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One of the coolest parts of 3d printing and digital design is rapid prototyping.


I was staring at my design trying to figure out what the best diameters and thicknesses for wheels/tires would be, when it hit me that I could simply make some simple cylinders first. Not only for this project, but later ones as well.


3 hours later I had a selection of 24 different wheels in 4 diameters and 6 thicknesses.



Test fitting them shows that 15mm dia by 6mm thick are the best "stock" option for the Cowboy UV:



The 18mm dia by 10mm thick wheels are too big for the rear wheel well, but don't look too out of place on the front:



One of the ideas on my models to make list for this was a "lift kit", which would be a couple of pieces that would glue onto the bottom and lower the axle, so eventually there will be large, thick wheels.

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Had to take some time off from this because Fusion 360 was throwing errors at me that I couldn't figure out what they meant.  Looked at it with a fresh eye last night, finally figured out the vertices that were causing the issues, and figured out some workarounds. Anyway, I got the rear half details finished, and it's off to my printer for a final prototype (well, as soon as my current print job is done in an hour or so.

Still have to finish up the detailing on the front, and then it's on to designing the wheels. 

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Details add a lot:



Rear end for the 4 door version is finished. Need to finish the details on the front end, then design some wheels.  I expect the wheel designs will go rather quickly.


Then on to the front bumper - again, I expect I'll be able to get a couple simple designs done quickly.


After that, I'll be creating a rear end for a 2 door version.


After that will come the really fun part - designing variants of all the other pieces.

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3 wheel variants done - but only one variant printed. 


Just realized I never did the gas tank hatch I planned on.  Oh well, I guess that means it's electric and charges wirelessly. ::D:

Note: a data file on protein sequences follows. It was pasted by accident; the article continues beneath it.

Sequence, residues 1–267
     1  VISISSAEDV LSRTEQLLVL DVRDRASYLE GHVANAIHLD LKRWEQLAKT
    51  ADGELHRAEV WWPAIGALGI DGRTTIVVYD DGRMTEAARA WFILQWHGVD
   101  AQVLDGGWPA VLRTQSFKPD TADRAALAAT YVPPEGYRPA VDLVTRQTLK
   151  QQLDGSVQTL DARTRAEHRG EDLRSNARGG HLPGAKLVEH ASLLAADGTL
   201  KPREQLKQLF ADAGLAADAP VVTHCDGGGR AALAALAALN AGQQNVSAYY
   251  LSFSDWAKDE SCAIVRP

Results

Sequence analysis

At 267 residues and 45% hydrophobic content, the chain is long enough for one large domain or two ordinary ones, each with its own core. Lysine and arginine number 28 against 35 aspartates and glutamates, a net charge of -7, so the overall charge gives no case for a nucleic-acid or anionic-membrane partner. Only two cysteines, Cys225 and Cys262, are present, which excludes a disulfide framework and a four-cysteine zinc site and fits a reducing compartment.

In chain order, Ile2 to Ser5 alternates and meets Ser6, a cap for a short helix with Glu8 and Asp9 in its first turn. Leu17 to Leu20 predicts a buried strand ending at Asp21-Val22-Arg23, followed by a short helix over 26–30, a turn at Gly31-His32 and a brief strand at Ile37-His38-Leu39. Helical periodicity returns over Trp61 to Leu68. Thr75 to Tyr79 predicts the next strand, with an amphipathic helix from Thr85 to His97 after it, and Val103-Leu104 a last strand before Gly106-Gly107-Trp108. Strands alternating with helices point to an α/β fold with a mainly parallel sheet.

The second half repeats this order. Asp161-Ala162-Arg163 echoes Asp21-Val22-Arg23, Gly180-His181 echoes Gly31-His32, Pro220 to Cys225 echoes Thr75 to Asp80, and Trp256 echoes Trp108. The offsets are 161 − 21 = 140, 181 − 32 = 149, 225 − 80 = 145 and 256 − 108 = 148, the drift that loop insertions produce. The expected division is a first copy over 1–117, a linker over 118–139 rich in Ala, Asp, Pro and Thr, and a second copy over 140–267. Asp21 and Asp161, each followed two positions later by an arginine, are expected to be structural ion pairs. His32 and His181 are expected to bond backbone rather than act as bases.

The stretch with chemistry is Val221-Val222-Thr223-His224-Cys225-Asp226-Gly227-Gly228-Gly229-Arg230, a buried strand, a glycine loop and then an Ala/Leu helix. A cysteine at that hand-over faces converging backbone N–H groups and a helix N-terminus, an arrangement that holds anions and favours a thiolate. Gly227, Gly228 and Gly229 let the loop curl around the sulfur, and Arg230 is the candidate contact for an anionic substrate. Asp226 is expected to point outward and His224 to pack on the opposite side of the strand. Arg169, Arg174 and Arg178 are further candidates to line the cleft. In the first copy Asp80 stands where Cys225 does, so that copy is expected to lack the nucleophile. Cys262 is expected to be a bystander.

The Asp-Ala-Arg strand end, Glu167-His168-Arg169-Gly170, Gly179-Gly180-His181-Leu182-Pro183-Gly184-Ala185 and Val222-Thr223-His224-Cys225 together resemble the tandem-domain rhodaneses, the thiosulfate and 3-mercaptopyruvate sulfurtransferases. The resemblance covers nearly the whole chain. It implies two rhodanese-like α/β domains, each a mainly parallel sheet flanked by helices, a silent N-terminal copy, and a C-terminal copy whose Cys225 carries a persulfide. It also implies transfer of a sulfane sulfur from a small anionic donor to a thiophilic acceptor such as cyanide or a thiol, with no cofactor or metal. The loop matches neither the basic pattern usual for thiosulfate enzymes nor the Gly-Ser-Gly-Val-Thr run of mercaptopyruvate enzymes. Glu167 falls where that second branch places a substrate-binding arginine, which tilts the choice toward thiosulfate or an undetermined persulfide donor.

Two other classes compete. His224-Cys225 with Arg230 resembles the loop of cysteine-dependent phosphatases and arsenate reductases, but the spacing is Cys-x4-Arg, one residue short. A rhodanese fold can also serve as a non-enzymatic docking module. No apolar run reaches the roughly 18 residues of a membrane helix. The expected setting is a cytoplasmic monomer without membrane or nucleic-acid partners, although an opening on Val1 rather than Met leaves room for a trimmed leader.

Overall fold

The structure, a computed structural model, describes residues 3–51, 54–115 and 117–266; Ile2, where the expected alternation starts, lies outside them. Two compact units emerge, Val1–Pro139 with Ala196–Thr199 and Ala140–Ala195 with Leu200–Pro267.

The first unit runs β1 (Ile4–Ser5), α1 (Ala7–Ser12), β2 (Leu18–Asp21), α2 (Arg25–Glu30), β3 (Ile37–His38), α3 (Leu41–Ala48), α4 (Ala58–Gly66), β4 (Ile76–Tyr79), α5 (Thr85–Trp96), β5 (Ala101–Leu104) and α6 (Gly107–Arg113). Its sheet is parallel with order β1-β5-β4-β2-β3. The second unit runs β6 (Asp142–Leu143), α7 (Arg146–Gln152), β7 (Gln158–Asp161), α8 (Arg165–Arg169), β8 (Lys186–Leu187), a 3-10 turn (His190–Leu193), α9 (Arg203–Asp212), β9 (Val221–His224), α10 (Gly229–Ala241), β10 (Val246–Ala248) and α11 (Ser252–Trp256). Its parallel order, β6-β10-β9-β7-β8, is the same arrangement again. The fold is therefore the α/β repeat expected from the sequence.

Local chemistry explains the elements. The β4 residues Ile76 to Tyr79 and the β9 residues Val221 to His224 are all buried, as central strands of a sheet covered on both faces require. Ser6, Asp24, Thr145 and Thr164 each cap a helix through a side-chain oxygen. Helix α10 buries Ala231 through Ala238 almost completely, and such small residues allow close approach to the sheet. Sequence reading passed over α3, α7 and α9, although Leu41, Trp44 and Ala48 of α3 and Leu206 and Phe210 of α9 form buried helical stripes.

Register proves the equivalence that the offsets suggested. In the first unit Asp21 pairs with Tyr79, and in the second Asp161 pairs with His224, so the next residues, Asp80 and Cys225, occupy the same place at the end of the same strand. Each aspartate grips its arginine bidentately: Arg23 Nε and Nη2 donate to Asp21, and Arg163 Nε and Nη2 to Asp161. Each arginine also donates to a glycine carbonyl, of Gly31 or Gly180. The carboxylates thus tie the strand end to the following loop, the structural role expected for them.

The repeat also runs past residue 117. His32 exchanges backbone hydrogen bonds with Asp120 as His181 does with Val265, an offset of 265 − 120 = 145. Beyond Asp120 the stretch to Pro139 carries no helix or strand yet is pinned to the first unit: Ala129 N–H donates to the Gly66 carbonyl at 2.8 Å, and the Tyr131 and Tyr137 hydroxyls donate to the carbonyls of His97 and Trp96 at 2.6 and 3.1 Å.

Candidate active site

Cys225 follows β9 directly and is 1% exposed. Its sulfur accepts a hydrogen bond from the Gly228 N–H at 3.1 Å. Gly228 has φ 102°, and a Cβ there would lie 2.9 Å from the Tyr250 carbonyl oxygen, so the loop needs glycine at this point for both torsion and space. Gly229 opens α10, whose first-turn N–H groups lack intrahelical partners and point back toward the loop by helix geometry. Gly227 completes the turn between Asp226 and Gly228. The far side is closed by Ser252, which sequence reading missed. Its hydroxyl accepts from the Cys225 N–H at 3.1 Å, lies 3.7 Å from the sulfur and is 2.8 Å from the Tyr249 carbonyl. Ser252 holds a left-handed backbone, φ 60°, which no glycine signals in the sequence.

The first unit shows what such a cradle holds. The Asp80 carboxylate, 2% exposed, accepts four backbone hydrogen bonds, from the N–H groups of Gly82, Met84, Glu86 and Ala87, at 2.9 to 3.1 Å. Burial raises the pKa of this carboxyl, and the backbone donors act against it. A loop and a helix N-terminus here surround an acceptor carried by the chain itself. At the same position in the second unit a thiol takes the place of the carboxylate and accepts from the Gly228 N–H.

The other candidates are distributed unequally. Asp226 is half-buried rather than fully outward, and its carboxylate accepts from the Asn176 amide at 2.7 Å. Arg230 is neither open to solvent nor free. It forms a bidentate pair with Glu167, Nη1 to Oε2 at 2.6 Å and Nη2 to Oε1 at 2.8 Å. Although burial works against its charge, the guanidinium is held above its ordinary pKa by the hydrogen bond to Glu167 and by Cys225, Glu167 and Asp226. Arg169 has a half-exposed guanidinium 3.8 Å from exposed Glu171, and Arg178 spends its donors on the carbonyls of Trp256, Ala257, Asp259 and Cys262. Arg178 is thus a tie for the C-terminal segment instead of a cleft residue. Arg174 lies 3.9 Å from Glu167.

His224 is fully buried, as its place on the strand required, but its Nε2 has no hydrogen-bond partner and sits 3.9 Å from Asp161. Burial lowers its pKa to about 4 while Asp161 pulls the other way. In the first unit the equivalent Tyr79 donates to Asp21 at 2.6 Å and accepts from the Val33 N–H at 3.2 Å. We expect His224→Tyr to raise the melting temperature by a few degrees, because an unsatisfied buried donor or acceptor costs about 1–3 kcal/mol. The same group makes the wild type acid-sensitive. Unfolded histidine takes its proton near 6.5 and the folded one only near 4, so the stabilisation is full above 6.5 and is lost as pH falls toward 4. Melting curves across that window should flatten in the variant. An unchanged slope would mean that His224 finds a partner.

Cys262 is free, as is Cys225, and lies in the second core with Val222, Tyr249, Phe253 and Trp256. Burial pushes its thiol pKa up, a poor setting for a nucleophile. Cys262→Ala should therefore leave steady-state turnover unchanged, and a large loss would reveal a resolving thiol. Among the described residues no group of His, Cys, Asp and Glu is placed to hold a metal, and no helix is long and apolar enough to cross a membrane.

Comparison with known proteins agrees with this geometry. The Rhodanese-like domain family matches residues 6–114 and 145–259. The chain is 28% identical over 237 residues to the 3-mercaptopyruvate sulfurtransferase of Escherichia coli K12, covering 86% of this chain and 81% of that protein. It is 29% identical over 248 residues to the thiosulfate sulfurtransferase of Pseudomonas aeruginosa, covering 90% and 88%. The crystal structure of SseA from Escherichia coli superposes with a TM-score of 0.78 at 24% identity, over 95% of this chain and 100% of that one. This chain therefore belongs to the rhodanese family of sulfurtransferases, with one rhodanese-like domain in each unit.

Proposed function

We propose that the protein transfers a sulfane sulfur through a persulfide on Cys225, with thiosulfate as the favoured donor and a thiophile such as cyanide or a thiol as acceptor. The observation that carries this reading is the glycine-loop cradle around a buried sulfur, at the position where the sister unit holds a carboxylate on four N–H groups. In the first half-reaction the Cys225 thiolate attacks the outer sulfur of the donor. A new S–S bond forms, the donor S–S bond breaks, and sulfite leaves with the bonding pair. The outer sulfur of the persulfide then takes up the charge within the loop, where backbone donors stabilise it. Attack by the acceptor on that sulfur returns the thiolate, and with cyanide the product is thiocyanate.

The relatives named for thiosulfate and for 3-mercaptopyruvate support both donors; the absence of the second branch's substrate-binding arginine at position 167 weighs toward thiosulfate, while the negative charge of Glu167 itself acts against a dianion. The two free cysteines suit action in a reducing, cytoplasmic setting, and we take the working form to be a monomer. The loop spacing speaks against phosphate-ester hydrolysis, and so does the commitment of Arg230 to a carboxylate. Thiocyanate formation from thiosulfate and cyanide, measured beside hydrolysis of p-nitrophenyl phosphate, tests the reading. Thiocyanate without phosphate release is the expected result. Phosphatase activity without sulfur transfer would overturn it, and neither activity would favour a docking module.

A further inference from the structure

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Neat!  I'm curious -- is it possible to sand down surfaces of 3D prints like this, to try to minimize the "scan line" effect?

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5 hours ago, Jordan Peacock said:

Neat!  I'm curious -- is it possible to sand down surfaces of 3D prints like this, to try to minimize the "scan line" effect?

It is, as well using various methods of "filling" them in. There are also different methods available for different types of filament - for example, with ABS filament, you can use something called acetone smoothing to smooth out the surfaces.

It can be a tedious effort though, especially on something with lots of small details.   So how much effort I will put into it really depends on what my intended purpose for the print is. Things like my tanks, which will tend to be centerpieces of a tabletop force for a game, I will spend a lot more effort filling and sanding than I will on things that are basically scenery or test prints for various ideas, such as these cars are.  

It is my intention to do up at least one of these Cowboy Utility Vehicles as a centerpiece for a diorama - on that particular print, I will very likely print multiple copies with different filaments and settings, then take the best one of those prints and spend a lot of time prepping it for the best finish possible. 

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